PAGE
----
After he finished speaking, Oliver handed Kikthawenund a Book of Mormon and waited as he and the council examined it. “We feel truly thankful to our white friends who have come so far, and been at such pains to tell us good news,” the old man said, “and especially this new news concerning the book of our forefathers.”

But the severe winter weather had been hard on his people, he explained. Their shelters were poor, and their animals were dying. They had to build homes and fences and prepare farms for the spring. For now, they were not ready to host missionaries.

“We will build a council house and meet together,” Kikthawenund promised, “and you shall read to us and teach us more concerning the book of our fathers and the will of the Great Spirit.”6

A few weeks later, Joseph received a report from Oliver. After describing the missionaries’ visit with Kikthawenund, Oliver admitted he was still unsure if the Delaware would accept the Book of Mormon. “How the matter will go with this tribe to me is uncertain,” he wrote.7

Joseph remained optimistic about the Indian mission, even as he turned his attention to strengthening the church in Kirtland. Shortly after meeting the Saints there, he received a revelation for them. “By the prayer of your faith ye shall receive my law,” the Lord again promised, “that ye may know how to govern my church and have all things right before me.”8

From his study of the Bible, Joseph knew that God had given Moses a law as he led his people to the promised land. He also knew that Jesus Christ had come to earth and clarified the meaning of His law throughout His ministry. Now He would once more reveal the law to His covenant people.

In the new revelation, the Lord praised Edward Partridge for his pure heart and called him to be the first bishop of the church. The Lord did not describe a bishop’s duties in detail, but He said Edward was to devote his time completely to the church and help the Saints obey the law the Lord would give them.9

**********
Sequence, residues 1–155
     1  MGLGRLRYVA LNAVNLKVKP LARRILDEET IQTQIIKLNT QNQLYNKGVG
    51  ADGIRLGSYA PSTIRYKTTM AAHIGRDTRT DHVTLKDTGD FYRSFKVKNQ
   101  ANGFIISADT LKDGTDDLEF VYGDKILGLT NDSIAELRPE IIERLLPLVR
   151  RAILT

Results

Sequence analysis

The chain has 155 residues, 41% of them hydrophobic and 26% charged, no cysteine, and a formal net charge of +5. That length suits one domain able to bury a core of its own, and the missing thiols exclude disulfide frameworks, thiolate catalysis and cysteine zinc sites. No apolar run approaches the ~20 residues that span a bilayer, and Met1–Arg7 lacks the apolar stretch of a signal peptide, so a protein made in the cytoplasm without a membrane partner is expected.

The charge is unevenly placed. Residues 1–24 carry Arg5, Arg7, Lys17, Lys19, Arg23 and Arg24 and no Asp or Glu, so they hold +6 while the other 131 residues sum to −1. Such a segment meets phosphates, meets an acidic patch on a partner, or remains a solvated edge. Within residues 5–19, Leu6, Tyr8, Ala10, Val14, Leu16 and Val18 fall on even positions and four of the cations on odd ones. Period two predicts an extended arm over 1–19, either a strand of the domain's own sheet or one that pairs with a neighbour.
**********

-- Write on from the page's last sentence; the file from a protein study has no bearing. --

A week later, on February 9, Edward met with Joseph and other elders of the church to pray to receive the law. The elders asked Joseph a series of questions about the law, and the Lord revealed answers through him.10 Some of these answers repeated familiar truths, affirming the principles of the Ten Commandments and the teachings of Jesus. Others gave the Saints new insights into how to keep the commandments and help those who transgressed them.11

The Lord also gave commandments to help the Saints become like Enoch’s people. Rather than share common property, as the people on the Morleys’ farm did, they were to think of all their land and wealth as a sacred stewardship from God, given to them so they could care for their families, relieve the poor, and build Zion.

Saints who chose to obey the law were to consecrate their property to the church by deeding it to the bishop. He would then return land and goods to them as an inheritance in Zion, according to the needs of their families. Saints who obtained inheritances were to act as God’s stewards, using the land and tools they had received and returning whatever was unused to help the needy and build Zion and the temple.12

The Lord urged the Saints to obey this law and continue seeking truth. “If thou shalt ask, thou shalt receive revelation upon revelation, knowledge upon knowledge,” He promised, “that thou mayest know the mysteries and peaceable things—that which bringeth joy, that which bringeth life eternal.”13